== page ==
Auto-detect "bad" compiler flags

Hi all,

I’ve got an old project that uses the clang /Ox flag for certain configurations on Windows. According to the online clang documentation (Clang Compiler User’s Manual — Clang 11 documentation),
this flag is deprecated. However, clang doesn’t produce any warnings or errors when this flag is used.

I would like to configure CMake to warn me about “bad” compiler flags (on both windows and Linux and with clang and gcc), so /Ox for clang (which is deprecated), /Og on clang (which does nothing), and so on. The only way I can think of to do this is to trawl through the clang and gcc documentation, draw up my own blacklist of “bad” flags, and compare that against CMAKE_CXX_FLAGS and friends. Is there a better way?

Disclaimer: It’s really hard to google for this - mostly I just get advice about how to check for deprecated C++ features, which isn’t quite what I’m interested in.


Cmake has a CheckCompilerFlag module, but I believe that just checks if enabling a certain flag produces an error.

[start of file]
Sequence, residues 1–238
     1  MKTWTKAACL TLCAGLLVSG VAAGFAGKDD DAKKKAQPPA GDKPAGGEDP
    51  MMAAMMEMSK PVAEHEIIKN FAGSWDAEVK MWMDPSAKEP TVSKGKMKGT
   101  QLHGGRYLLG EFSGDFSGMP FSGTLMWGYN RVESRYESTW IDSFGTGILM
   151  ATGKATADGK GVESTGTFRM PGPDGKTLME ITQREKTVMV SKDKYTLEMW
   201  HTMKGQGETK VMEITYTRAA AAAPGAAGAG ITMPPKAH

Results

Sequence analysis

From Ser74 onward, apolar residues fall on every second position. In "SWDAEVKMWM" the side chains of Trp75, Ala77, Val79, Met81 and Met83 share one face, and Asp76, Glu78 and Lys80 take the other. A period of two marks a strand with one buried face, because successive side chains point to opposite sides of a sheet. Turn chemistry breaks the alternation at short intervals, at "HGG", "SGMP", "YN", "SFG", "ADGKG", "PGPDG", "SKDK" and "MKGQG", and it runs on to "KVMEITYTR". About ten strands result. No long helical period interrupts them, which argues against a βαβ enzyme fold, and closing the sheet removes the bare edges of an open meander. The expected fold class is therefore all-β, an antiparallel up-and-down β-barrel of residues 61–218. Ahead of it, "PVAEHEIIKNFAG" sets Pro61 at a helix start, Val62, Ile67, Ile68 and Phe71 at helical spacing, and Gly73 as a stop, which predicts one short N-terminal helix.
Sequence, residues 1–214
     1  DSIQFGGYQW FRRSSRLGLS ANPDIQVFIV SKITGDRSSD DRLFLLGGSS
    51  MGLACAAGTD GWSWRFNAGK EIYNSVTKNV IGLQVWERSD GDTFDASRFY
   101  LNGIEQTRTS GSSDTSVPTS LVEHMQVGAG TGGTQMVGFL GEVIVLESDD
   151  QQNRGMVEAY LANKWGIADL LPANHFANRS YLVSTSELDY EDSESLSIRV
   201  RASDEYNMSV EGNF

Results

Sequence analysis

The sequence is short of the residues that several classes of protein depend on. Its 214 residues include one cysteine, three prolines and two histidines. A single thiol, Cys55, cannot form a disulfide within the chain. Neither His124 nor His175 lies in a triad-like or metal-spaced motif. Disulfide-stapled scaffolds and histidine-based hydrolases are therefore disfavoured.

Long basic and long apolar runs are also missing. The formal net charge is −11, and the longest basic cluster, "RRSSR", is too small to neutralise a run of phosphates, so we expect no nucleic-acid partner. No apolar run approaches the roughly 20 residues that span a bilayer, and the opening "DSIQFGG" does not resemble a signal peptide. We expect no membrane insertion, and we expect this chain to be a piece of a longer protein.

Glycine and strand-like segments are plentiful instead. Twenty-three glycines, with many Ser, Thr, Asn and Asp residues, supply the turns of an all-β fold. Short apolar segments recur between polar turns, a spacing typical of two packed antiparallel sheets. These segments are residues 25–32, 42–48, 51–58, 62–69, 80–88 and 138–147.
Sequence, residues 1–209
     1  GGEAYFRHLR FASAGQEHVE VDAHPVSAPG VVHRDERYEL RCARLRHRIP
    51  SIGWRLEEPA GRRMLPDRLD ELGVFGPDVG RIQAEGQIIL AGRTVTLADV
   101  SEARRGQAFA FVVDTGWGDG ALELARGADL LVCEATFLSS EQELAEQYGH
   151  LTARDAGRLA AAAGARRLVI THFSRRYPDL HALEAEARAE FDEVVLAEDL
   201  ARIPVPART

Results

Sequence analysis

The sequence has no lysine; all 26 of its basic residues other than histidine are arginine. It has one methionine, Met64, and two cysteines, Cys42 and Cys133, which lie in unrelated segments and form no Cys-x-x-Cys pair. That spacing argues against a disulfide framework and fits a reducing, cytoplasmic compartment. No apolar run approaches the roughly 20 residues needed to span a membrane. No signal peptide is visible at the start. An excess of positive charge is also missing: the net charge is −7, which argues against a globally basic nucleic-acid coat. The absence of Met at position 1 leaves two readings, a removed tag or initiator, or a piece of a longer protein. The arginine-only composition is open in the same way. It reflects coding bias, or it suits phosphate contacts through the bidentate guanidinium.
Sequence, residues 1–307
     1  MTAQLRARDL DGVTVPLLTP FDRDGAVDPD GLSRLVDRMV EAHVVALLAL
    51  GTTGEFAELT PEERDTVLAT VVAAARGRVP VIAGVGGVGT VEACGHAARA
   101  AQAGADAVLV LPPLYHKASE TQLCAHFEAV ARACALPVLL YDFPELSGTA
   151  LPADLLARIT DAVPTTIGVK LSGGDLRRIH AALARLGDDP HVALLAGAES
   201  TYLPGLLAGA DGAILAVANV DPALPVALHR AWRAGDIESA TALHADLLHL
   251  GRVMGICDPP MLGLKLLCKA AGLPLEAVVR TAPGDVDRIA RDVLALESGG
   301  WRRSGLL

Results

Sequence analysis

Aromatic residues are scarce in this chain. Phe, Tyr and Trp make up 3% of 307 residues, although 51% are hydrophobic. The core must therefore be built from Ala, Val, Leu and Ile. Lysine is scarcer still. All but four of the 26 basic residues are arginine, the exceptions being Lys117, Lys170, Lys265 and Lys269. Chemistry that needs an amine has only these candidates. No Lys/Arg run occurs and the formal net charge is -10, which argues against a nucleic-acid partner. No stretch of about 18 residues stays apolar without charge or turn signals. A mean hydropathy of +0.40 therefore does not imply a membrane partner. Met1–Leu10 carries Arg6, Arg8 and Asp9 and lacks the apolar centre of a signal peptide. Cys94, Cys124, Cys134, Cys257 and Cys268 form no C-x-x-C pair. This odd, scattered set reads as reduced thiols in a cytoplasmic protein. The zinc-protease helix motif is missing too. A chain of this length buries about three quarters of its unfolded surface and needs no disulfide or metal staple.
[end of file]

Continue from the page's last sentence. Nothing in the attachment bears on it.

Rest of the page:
Really, I think the best answer is to just not deal with specific flags at all. CMake is meant to be a higher level of abstraction for describing your build requirements, and you let the cmake devs worry about the actual low level flags for each compiler.

For the flags CMake has abstractions for, sure. Optimization flags are not abstracted as such in CMake, so anything would involve manual manipulation.

True. I actually have a stock “optimization flags” target that can be linked to: Oranges/OrangesOptimizationFlags.cmake at main · benthevining/Oranges · GitHub

But it’s also arguable that optimization flags are not part of the build requirements, and so should be turned on from outside the project, or controlled with an option